7 Sales Performance Tips from Jeffrey Fox’s ‘How to Become a Rainmaker’

cover of eBook on brilliant sales performance tips from expertsJeffrey Fox’s “How to Become a Rainmaker” is a legendary guide surrounding Fox’s rules for “getting and keeping customers and clients.” For anyone who hasn’t immersed themselves in Fox’s approach to becoming a sales leader, this is a must read. Despite the many changes sales has seen since the book was written in 2000, it’s still up there with the best of the best of books about sales performance. At least I think so.

If you haven’t gotten around to it yet, fear not: We’re here to paraphrase and pack a punch of crucial takeaways from Fox’s sales manifesto.

What’s so great about Fox is that he not only teaches you how to become a rainmaker, but also puts you on a journey to becoming a self-motivated performer. Fox offers many pieces of valuable advice, but we’re going to focus on seven that will improve your sales performance. Here’s what you should know:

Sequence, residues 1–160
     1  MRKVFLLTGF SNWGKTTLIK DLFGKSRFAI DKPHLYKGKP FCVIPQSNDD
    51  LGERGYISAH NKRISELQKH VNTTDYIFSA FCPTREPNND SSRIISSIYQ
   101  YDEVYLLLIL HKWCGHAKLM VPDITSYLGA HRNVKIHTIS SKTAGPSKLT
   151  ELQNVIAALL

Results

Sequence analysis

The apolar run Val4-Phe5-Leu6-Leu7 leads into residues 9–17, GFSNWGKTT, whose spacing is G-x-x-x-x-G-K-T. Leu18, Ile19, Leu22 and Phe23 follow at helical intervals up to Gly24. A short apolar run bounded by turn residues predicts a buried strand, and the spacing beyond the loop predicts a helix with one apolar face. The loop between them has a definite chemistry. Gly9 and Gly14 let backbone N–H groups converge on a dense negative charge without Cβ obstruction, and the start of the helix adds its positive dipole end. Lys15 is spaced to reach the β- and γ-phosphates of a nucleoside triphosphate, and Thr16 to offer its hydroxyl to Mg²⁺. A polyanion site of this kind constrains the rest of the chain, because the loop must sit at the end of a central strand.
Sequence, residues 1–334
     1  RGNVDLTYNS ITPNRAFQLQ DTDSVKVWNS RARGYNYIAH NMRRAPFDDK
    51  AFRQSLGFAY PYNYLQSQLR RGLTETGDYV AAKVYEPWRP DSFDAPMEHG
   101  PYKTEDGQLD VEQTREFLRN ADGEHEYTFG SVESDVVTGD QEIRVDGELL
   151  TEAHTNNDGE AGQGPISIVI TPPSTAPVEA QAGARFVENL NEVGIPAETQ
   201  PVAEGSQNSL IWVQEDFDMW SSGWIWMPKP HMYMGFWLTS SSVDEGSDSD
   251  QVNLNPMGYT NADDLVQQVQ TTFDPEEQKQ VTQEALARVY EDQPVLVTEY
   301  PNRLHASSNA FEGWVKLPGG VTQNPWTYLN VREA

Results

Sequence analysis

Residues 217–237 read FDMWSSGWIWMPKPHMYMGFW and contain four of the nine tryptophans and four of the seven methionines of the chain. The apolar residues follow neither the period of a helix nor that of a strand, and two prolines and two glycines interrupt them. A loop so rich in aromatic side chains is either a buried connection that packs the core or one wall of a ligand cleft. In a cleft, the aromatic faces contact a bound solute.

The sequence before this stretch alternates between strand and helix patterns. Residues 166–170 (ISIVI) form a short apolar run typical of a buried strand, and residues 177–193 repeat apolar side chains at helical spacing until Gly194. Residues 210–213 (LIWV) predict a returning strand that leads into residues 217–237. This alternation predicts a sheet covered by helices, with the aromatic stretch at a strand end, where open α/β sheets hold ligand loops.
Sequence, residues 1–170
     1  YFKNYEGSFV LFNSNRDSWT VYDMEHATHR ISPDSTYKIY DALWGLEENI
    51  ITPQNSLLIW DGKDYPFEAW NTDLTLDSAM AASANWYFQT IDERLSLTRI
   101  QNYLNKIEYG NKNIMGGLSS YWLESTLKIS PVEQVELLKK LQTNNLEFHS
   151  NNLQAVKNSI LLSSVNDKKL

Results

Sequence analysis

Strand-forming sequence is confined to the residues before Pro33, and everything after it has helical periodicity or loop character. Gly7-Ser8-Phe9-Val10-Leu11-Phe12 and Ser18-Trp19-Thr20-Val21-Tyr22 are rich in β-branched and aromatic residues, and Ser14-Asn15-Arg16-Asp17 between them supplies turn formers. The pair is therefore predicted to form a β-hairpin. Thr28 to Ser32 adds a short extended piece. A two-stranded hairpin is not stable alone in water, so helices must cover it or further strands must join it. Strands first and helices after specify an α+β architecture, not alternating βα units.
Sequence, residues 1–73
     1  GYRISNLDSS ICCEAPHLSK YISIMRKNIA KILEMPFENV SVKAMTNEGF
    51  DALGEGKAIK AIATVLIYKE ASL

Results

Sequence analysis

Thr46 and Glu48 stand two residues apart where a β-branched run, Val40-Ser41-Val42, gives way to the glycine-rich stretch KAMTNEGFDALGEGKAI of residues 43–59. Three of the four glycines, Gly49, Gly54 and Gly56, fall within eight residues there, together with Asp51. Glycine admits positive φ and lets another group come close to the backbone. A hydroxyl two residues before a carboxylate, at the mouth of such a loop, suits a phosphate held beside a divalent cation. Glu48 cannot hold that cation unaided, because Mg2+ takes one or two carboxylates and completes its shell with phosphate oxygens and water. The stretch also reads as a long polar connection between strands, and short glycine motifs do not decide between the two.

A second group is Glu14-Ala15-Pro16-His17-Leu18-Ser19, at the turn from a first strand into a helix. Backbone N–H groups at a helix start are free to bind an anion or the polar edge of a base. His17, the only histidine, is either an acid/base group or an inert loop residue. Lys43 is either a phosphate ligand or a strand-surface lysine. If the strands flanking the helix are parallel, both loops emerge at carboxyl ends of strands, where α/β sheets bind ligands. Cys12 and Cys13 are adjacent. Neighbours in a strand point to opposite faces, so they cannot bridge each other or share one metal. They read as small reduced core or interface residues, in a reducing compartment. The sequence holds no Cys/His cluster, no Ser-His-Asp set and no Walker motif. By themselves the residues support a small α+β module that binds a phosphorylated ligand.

1. Improve Sales Performance with the “Rainmaker’s Credo.”

It’d hard to leave the Rainmaker’s Credo off this list. It’s the Ten Commandments of sales, although it’s more like a dozen or so. All great mantras that anyone should keep in mind to improve sales performance, Fox includes each of these credos because they’re his ultimate sales KPIs.

  • Cherish customers at all times.
  • Treat customers as you would your best friend.
  • Listen to customers and decipher their needs.
  • Make (or give) customers what they need.
  • Price your product to its dollarized value. (Dollarizing is the act of assessing the differences between competitive products and calculating the financial impact those differences have on your customer.)
  • Show customers the dollarized value of what they will get.
  • Teach customers to want what they need.
  • Make your product the way customers want it.
  • Get your product to your customers when they want it.
  • Give your customers a little extra — more than they expect.
  • Remind customers of the dollarized value they received.
  • Thank each customer sincerely and often.
  • Help customers pay you, so they won’t be embarrassed and go elsewhere.
  • Ask to do it again.
2. Always answer: “Why should this customer do business with us?”